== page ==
Over a life time, the average Australian woman earns about $1 million less than the average man. How come this happens even after equal pay was won in 1973?
The gender pay gap is the difference between men and women’s income for work that is of either equal or comparable value. In 2013 the gap is 17.5 per cent, meaning women earn on average 82.5 per cent of men’s earnings.
Many reasons contribute to the inequality of earnings between men and women.
- More women work part time and therefore earn only a proportion of full-time earnings. Increased work flexibility has resulted in an increase in part-time and casual work, which is dominated by women
- Women take more responsibility for caring and household work. This means that their involvement in the workforce is decreased over time because of a commitment to raising young children, and the responsibility of unpaid domestic work.
- Occupation and industry segregation. The majority of women work in a narrow range of occupations traditionally suited for females – e.g. child care workers, teachers or nurses. People in these occupations generally earn less than those working in male dominated industries
- Women are less likely to get bonuses and benefits added to their wages. Women are also less likely to work overtime because they work in industries where overtime is not an option, and generally have more responsibilities to return to at home.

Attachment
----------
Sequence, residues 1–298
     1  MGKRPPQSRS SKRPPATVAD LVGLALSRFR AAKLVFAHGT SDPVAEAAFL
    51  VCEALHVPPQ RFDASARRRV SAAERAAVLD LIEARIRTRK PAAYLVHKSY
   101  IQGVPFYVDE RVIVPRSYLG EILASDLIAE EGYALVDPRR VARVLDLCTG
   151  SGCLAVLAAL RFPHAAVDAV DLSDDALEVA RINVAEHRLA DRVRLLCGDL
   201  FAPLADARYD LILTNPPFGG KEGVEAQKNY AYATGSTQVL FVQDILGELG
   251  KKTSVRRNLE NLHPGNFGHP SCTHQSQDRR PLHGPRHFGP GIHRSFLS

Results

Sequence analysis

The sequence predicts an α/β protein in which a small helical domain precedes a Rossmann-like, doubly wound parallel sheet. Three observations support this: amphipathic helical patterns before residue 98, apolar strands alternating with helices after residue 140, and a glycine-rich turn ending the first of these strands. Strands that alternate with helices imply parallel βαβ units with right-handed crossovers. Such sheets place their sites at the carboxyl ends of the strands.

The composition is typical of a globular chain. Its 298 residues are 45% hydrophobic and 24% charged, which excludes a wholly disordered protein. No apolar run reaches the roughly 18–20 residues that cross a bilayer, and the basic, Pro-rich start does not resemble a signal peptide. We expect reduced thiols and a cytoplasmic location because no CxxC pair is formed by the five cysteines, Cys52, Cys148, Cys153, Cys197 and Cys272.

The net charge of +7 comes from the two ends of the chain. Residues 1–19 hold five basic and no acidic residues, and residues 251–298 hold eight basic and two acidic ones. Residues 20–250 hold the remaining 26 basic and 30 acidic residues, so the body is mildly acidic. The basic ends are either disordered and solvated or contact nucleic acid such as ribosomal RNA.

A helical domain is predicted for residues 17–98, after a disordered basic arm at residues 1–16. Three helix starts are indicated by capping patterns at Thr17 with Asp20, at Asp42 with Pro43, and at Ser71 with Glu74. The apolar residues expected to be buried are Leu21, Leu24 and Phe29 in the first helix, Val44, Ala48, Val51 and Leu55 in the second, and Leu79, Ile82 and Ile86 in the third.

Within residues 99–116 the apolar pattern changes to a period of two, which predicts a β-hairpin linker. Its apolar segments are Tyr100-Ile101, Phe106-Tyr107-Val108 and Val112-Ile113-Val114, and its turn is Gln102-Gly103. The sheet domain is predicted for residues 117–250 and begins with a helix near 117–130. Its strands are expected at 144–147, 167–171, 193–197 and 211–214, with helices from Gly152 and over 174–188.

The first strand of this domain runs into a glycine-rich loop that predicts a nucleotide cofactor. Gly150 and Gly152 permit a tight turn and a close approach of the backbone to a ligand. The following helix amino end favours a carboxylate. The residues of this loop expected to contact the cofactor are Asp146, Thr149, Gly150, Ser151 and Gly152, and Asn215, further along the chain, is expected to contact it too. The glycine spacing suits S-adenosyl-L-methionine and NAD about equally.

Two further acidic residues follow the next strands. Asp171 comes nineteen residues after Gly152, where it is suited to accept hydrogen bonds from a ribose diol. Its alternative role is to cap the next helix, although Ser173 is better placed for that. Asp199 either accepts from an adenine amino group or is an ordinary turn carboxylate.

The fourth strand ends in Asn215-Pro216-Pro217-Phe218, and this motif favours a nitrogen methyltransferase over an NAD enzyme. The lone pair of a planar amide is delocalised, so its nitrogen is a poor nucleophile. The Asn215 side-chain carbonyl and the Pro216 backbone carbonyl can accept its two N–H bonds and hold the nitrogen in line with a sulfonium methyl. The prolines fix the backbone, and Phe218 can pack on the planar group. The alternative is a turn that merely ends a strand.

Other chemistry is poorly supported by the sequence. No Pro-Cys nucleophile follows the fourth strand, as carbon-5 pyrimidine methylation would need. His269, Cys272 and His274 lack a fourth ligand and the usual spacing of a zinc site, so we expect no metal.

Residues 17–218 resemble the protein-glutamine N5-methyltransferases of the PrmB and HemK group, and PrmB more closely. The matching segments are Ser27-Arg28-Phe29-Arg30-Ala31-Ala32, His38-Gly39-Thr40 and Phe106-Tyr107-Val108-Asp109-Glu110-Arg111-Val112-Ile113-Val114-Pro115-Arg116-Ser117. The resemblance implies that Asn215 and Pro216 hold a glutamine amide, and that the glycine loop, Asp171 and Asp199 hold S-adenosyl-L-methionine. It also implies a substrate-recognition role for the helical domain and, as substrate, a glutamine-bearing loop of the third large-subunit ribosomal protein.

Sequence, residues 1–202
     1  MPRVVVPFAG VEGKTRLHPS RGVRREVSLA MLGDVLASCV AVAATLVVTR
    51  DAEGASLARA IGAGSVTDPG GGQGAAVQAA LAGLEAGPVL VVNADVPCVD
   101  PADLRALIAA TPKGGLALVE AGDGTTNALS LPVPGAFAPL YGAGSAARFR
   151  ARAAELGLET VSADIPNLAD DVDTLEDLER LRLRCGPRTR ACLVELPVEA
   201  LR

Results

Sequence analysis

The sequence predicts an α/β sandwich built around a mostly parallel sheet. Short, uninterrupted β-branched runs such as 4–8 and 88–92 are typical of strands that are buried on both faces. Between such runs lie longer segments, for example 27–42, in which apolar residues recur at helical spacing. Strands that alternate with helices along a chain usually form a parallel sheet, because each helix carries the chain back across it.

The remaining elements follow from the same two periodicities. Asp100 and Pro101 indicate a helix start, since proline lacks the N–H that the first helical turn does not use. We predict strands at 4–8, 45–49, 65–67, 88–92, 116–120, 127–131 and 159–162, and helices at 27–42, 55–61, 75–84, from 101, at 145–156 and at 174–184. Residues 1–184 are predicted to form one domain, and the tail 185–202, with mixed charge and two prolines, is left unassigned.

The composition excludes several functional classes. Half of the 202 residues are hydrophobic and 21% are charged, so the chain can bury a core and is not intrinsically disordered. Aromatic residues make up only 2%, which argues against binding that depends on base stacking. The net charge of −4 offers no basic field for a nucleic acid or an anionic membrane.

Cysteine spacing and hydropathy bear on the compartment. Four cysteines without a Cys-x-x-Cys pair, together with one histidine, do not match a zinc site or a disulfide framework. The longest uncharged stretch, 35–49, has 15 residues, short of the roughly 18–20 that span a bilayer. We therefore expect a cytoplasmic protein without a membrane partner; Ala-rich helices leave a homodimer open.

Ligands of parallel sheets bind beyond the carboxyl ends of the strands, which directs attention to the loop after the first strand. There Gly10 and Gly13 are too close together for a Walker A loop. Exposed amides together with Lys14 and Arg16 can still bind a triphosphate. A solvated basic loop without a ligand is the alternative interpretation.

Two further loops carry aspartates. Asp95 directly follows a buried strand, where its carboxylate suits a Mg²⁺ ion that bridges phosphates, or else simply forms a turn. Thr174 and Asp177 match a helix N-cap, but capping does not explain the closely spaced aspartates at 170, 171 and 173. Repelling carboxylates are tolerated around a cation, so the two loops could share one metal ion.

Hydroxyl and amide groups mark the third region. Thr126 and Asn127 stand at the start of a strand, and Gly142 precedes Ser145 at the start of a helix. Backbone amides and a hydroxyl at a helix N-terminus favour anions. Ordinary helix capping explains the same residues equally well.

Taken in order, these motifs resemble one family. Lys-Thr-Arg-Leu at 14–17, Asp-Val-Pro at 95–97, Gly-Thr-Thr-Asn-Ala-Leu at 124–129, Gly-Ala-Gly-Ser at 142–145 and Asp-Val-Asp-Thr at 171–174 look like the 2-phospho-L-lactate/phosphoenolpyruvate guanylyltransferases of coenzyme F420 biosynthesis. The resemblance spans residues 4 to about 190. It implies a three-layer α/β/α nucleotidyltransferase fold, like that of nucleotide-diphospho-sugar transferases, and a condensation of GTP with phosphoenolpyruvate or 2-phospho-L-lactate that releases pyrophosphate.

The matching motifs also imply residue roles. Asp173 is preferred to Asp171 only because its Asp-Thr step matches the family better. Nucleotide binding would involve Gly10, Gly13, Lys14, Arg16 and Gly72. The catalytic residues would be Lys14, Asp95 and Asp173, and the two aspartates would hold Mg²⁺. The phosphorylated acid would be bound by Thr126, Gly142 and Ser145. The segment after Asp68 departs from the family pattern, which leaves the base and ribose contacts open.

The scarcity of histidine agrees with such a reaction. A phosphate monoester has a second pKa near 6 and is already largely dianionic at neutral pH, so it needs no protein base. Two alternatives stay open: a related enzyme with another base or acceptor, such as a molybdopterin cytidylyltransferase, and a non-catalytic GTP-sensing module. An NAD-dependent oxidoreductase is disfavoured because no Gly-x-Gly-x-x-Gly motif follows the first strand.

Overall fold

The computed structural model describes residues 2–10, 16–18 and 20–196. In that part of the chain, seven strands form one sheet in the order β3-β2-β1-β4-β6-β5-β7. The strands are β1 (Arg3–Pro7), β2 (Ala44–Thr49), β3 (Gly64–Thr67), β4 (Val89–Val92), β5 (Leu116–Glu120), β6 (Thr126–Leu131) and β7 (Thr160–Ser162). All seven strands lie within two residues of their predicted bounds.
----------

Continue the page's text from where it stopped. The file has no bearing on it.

- Women are under-represented in high paying company boss positions. Despite making up nearly half the workforce, less than 2 per cent of big company bosses are women.
To reduce the gender gap and help more women earn more money, here are are some of the strategies being considered by unions and women to make wages really equal:
- Open training to all to increase access to skilled work.
- Encouraging female workers to join unions: on average, female union members earn more money than females not belonging to a union.
- Encourage men to share family responsibilities.
- Make sure part-time workers get their share employment benefits.
- Ensure equal opportunity at work through a fair selection process.
- Make work more family friendly so men and women with children can stay at work.
Fast fact: Even though there are more women finishing secondary education, enrolled at University and in professional jobs than men, female graduate salaries are just 90.9% of male graduate salaries. In post-graduate jobs, female salaries are just 85% of male post-graduate salaries.